During middle school I became the target. Frizzy hair, braces and glasses that took up half my face — before thinner black-rimmed frames became cool — were all part of who I was.
An overbite that caused a gaping open mouth exacerbated the insecurities. For whatever reason, a few classmates took notice — including one in particular.
The classmate would constantly tease me and protrude out his teeth to imitate me. For the most part, I just ignored it.
Yet one day during band class while preparing to take an annual trip to Six Flags, the director warned us about staying in larger groups and not wandering off alone because of creepy people. In front of the entire class, the classmate said “no one will bother Rachael because she does this,” and proceeded to buck out his teeth.
The room erupted in laughter. I turned crimson, and the instructor chastised the student.
The fellow classmate was in trouble and apologized — because someone made him — which made me feel even more uncomfortable about the situation, though it never happened again.
I deflected and told him I thought it was hilarious and hoped he didn’t get into too much trouble for it.
A few years later, in high school, I got along with and joked with the same student, and we’re now even Facebook friends.
By current standards, my middle school incident could fall under the category of a milder form of taunting or teasing that fortunately didn’t escalate past that point.
I don’t know if it’s bullying awareness within the past decade, a new generation, or both, but I am shocked by both the amount and types of bullying that seem to be reported to date.
Verbal bullying has seemed to shift from mild teasing to using derogatory terms or even threats. Physically bullying has led to assaults, harassment, stolen property and suicides. Social media, where some bullies can hide behind a veil of anonymity, is another beast.
A Google news search of the keyword “bullying” shows 5.86 million results for the topic.
A few alleged incidents have even been brought to the Herald’s attention during the nearly two years I’ve been with the paper.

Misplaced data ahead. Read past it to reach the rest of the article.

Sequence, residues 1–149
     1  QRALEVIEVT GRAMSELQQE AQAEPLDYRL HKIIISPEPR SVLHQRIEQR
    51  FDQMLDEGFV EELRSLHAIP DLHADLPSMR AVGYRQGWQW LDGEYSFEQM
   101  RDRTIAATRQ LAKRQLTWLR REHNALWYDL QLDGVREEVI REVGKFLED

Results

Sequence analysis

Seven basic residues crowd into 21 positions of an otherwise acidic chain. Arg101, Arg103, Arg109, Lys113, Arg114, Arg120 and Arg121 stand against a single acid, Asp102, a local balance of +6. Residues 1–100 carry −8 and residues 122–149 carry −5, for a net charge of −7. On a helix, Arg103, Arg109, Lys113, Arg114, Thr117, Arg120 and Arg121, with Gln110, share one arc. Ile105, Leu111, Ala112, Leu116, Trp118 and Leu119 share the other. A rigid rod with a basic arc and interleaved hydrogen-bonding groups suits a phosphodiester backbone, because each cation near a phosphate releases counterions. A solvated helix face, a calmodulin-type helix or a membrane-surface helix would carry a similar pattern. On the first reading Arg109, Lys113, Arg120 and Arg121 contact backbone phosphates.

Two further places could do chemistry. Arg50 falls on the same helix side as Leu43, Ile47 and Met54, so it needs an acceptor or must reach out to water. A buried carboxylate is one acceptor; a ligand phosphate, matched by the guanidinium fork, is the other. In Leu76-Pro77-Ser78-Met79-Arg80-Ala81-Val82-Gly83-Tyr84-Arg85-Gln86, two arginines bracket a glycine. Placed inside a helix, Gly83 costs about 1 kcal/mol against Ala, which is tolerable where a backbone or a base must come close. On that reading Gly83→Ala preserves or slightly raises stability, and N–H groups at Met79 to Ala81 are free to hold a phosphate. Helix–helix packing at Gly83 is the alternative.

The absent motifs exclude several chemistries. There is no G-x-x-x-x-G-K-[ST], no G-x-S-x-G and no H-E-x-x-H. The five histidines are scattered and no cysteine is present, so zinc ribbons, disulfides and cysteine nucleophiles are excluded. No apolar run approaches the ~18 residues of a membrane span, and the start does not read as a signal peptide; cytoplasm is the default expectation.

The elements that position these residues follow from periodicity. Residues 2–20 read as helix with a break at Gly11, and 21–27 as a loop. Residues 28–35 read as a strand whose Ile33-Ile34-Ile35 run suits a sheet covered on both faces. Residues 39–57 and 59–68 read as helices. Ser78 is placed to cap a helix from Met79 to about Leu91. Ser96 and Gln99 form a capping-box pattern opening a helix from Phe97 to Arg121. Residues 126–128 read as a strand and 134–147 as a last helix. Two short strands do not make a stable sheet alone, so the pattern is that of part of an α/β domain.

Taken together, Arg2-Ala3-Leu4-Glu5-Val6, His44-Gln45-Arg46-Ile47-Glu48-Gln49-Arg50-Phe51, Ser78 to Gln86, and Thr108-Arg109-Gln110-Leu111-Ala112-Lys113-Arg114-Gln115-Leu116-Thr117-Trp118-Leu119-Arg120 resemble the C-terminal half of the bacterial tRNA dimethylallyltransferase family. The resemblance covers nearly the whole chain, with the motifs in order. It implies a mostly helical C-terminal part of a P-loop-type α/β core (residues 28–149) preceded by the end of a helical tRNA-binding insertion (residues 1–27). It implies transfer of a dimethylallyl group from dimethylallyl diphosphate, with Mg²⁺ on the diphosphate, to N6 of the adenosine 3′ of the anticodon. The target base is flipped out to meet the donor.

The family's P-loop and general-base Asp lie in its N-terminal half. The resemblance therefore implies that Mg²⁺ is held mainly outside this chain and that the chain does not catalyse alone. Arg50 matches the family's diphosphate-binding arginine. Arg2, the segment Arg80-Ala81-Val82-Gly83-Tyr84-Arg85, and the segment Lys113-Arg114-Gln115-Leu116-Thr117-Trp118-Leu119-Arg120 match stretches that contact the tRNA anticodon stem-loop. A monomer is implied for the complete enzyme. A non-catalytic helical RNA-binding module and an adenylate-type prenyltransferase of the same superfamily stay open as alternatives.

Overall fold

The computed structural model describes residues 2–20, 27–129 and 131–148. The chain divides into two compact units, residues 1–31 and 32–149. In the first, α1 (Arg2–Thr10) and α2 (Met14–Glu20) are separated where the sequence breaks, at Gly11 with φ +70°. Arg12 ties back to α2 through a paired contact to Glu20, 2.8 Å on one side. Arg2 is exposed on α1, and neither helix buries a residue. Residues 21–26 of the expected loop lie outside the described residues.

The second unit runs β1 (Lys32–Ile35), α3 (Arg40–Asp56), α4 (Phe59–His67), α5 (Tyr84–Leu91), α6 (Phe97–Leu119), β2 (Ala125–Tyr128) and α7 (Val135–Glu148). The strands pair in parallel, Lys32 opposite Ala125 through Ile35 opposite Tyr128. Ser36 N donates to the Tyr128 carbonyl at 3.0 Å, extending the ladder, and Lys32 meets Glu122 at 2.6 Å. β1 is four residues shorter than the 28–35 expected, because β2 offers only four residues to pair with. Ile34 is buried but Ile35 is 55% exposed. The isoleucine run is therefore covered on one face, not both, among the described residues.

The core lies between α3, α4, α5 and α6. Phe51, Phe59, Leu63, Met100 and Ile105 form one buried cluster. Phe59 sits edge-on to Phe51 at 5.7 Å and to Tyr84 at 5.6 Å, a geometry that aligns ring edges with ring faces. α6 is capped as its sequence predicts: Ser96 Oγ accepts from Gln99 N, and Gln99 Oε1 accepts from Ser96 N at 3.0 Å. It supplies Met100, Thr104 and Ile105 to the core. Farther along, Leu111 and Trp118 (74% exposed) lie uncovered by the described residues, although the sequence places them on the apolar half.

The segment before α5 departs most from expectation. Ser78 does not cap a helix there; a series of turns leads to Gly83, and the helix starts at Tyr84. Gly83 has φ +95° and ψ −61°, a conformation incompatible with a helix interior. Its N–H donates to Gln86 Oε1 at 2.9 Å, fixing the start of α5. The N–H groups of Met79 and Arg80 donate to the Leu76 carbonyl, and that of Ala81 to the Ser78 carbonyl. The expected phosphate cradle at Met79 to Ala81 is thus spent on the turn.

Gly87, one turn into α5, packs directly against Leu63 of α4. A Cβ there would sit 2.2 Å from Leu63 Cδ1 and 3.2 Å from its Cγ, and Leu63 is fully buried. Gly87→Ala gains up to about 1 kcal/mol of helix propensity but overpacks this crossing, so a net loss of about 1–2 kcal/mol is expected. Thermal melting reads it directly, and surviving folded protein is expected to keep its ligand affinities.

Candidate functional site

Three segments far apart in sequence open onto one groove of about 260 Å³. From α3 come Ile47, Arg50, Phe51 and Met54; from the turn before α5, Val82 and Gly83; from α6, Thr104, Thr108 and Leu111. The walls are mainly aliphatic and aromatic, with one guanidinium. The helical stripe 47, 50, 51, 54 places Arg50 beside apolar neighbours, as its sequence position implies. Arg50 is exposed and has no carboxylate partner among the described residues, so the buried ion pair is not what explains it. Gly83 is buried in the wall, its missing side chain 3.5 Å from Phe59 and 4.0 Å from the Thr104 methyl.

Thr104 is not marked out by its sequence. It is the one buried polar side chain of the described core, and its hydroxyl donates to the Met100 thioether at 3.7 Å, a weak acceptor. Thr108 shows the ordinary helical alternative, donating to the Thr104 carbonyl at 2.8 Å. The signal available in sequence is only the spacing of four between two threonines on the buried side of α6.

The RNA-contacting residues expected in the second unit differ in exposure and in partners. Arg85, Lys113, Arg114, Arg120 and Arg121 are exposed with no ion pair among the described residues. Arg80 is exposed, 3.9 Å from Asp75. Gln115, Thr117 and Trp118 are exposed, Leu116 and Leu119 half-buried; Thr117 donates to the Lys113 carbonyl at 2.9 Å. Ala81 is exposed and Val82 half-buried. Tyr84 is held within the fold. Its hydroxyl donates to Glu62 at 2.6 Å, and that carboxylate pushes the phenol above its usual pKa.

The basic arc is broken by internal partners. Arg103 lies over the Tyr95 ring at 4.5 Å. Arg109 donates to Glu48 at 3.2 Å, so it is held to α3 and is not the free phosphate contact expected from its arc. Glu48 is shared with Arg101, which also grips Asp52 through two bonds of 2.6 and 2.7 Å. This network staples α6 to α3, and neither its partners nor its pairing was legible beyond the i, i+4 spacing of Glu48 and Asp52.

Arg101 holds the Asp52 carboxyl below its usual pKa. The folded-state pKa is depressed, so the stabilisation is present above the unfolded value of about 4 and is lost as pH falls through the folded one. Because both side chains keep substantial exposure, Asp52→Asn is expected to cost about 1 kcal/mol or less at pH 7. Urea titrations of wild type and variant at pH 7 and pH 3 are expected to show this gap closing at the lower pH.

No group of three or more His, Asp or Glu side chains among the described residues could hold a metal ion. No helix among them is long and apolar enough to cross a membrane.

Advice I’ve seen from reading articles, or from covering a few workshops myself, seems to include walking away, telling an adult, befriending the bully, documenting or taking a screen shot of social media threats, and the list goes on.
The lines seem to be drawn between the bully, the victim, parents of both, and other adults who are supposed to intervene.
However, I also think another neutral group could get involved without being instigators.
I think I can look back on childhoods and remember at times certain kids were more prone to be picked on.
Parents who have kids who are fortunate enough to not have been bullied could perhaps teach their children to be on the lookout for those kids — teach them to reach out to the victims instead of hearing rumors of who did what to whom.
Teach them to include kids who are “targets,” aloof, different, labeled as weird or whatever the circumstance is, and surround them so that it makes it harder for bullies to get to them when they’re alone.
Teach them to take a stand when they hear or see something that’s not right, without being confrontational.
Teach them at what point they should snitch in order to protect someone else.
Teach them to target victims or potential victims with positive reinforcement.
Rachael Riley covers Harker Heights and Nolanville. Contact her at email@example.com or 254-501-7553.